The proposal consists of three sections. The first deals with increasing distribution of the magazine, and raising funds for efforts in that direction. The second deals with guidelines for exchanging magazine subscription lists with other progressive publishers and organizations. The third deals with actual editorial reform. In detail its provisions are: 

-Each year, there will be three topical issues and three general issues, alternating. 

-Editorial collectives will be set up in each of the three regions. Articles will be sent to a central chapter in each region for distribution to editorial members for collective editing. 

-Each editorial collective shall be responsible for soliciting and editing approximately one-third of the articles in each general issue. 

-Each editorial collective shall be responsible for one topical issue per year. 

-Women shall be substantially represented on the Editorial collectives. 

-Editors shall not edit their own articles. 

-Boston shall coordinate the general issues during the transitional period. 

-The production committee in Boston shall retain its autonomy with respect to its current tasks (layout, length of magazine, cover design, etc.) 

-The editorial committees shall be financed from national funds. 

The goal is one year for the transitional period, although this is dependent upon activity in each region.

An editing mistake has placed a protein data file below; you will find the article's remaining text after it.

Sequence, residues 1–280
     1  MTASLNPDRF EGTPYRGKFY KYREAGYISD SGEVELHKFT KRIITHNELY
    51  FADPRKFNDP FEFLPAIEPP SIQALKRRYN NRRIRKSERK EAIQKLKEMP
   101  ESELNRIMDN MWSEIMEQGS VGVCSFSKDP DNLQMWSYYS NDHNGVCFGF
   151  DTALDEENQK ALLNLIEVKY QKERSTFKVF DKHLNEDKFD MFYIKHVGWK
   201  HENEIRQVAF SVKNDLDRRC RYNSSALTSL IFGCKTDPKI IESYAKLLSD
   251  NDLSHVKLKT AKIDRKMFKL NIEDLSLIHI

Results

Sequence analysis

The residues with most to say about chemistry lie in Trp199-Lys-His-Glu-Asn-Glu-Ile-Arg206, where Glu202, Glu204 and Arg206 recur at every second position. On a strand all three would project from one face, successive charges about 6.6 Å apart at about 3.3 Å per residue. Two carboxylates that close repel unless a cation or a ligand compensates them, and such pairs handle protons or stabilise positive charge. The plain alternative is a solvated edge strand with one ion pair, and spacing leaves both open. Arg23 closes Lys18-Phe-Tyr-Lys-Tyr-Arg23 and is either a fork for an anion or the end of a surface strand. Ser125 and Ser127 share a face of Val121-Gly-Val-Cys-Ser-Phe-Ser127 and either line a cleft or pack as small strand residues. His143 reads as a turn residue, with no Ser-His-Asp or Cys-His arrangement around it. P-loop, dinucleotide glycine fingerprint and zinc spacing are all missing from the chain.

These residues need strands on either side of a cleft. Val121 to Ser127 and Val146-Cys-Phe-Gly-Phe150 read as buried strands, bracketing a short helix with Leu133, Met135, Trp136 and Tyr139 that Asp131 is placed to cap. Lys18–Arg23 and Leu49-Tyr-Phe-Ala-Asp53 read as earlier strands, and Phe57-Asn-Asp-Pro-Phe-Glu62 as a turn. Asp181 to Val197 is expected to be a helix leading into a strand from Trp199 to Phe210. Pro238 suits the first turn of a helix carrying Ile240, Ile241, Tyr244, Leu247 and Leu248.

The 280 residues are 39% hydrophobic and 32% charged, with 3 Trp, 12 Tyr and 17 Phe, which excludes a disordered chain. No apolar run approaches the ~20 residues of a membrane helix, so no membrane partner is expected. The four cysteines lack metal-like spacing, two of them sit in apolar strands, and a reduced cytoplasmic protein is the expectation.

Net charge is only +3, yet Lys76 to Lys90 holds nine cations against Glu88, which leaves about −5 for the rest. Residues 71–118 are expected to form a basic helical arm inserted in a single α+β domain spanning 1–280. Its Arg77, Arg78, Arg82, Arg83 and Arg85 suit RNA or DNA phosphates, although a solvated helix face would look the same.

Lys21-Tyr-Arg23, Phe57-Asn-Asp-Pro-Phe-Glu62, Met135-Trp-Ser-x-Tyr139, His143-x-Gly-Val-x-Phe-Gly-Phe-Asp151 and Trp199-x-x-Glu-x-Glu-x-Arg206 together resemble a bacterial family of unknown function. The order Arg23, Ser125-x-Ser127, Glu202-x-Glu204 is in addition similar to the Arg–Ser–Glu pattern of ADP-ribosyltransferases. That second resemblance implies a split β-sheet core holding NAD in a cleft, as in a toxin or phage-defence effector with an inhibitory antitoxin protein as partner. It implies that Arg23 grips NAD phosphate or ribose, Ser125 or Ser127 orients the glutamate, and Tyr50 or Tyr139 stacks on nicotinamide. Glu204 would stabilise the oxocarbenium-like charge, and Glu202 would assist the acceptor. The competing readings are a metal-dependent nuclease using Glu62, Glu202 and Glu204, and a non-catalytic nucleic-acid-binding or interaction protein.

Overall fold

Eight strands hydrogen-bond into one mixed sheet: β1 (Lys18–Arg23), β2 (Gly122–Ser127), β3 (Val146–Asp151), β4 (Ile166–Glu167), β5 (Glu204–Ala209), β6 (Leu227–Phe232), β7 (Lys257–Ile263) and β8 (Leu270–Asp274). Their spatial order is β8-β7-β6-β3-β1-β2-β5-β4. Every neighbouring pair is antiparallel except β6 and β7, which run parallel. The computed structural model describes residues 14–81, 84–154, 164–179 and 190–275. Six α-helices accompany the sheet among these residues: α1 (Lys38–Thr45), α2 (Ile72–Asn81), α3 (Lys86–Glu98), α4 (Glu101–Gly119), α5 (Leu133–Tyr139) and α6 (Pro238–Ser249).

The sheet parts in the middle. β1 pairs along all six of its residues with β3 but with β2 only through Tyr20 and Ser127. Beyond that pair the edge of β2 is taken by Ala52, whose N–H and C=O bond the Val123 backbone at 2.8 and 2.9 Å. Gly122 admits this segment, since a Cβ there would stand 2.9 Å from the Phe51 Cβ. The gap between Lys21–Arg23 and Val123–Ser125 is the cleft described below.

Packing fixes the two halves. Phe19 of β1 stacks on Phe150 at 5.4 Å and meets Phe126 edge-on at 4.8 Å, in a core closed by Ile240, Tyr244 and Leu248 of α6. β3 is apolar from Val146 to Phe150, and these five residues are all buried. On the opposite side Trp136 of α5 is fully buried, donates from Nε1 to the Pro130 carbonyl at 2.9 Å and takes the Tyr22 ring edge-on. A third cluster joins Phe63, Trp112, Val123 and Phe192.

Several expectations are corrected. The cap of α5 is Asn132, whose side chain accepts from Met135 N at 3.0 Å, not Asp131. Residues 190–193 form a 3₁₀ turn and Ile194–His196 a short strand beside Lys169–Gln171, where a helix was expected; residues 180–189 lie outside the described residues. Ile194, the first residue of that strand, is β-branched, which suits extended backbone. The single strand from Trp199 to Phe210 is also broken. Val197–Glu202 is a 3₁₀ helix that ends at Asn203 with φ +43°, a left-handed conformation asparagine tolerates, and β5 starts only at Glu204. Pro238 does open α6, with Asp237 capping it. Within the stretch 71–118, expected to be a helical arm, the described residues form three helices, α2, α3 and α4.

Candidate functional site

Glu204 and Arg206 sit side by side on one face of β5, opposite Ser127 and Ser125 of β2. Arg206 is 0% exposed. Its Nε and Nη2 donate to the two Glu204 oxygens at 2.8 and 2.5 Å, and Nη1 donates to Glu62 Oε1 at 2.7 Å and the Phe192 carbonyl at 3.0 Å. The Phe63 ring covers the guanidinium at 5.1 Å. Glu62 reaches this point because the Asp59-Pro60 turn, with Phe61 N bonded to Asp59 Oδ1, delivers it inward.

The principles of unity working group had by far the most difficult task. Although some discussion had gone on at previous regionals, little firm consensus had been reached. Sharp disagreements arose as to what issues should be addressed in the principles of unity, and over strictness of language to avoid ambiguity. As this report was the final workshop report, we reached it rather late. Therefore sharp time limits had to be imposed on the discussion. This prevented a resolution of the differences at the conference. Further discussion had to be postponed to upcoming regional conferences. 

The working group produced four principles that they reached agreement on, along with a set of principles where varying formulations were offered, and a list of issues they considered important but didn’t have time to discuss. They reached agreement on the following statements. 

-Science is not neutral. In any society, scientists and science serve the particular social and economic interests of those in political power. 

-In North America, the development of science is for profit at the expense of the majority of the people. 

-We advocate science for the people, for science can serve the people only when they control it. 

-We urge people involved in science and technology to participate in and contribute to progressive economic, political and social movements. 

An open discussion followed. There was general support for each of the above draft principles when taken as an individual statement. However, there was strong reluctance to adopt this set of statements as a basis for principles of unity, because they were seen as seriously incomplete. The importance of dealing with issues such as sexism, racism, and anti-imperialism was discussed. Although no votes were taken to submit anything as a resolution, informal counts were taken to get the consensus of the conference. The present statement of principles (inside front cover of the magazine) was adopted as an interim position. One vote called to submit the entire discussion, and all documents of the working group to the internal discussion bulletin. Another vote amended principle 2 to read: